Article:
Robbins (1998: 103) states that decisions are choices made from two or more alternatives. Decisions are made as a reaction to a problem. That is, there is a discrepancy between the current state of affairs and some desired state requiring consideration of alternative courses of action.
This however requires any person in the position where he/she must make decisions to consider some aspects regarding decision-making. This not only includes relevant information but also the application of knowledge and/or skills to use this information to realize a decision.
Decision making and its processes are well seated in our bones. It is as old as humankind. Making a decision is fundamental and universal: in one way or the other, we do make one. In other words, anything that we do consciously or unconsciously is the result of some decision. As the saying, “He, who fails to decide, decides to fail”. This common saying sums it: the importance of decision-making in our daily lives.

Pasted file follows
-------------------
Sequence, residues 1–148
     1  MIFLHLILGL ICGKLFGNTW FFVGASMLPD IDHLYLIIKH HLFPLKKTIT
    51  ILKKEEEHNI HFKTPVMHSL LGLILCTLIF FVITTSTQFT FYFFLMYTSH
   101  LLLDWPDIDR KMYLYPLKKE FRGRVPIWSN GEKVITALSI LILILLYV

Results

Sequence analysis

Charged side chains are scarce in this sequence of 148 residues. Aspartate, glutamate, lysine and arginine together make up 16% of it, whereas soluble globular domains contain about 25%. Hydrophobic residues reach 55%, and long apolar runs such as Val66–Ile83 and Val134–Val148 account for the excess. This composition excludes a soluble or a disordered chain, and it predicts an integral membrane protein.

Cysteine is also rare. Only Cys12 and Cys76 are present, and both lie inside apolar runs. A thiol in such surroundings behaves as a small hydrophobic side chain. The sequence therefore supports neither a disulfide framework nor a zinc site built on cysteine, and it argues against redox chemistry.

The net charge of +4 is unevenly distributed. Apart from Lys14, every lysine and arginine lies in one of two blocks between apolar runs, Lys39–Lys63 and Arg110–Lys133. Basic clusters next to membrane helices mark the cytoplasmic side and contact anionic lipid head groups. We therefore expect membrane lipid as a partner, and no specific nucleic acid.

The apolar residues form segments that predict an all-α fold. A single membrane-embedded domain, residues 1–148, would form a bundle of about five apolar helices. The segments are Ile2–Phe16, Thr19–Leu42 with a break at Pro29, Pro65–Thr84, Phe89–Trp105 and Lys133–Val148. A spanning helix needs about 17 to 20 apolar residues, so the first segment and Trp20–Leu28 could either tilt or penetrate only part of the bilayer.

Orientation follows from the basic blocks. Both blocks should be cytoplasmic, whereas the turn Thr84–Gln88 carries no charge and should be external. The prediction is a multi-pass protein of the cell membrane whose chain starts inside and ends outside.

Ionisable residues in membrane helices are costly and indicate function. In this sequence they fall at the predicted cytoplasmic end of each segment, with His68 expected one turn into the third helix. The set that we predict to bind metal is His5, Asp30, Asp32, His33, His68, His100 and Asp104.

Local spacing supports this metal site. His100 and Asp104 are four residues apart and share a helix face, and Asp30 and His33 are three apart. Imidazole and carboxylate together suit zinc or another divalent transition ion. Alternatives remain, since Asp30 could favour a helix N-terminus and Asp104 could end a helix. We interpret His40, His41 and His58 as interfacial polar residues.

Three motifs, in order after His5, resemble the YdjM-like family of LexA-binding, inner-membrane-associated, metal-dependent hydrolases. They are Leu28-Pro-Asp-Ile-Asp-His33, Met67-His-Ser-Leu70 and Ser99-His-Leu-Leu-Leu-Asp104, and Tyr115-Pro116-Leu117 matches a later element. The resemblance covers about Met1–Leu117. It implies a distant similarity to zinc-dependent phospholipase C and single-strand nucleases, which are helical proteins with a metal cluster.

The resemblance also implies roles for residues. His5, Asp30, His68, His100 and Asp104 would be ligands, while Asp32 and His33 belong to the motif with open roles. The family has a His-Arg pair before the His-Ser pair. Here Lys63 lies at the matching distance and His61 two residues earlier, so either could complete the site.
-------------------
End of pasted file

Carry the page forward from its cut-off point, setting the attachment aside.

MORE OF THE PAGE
As with individuals, so it is with political organizations – states. States also need to make decisions in order not only to assure their existence but also to promote the welfare of their citizens. States that fail to make decisions also make decisions to fail. Decisions can be strong or weak, good or bad, swift or slow, or short, medium or long term.
The structure of the state or political system depends much on the leadership and decision-making structure. The political system of states can range from being authoritarian, hierarchical, centralized, closed to open, diffuse, decentralized or democratic.
Steinberg (2003) discusses (Moody, 1983:1) that it is often asked if institutions have any rules and regulations regarding the processes by which the required objectives, policies, and strategies are arrived at. For a decision to be arrived at, it has to
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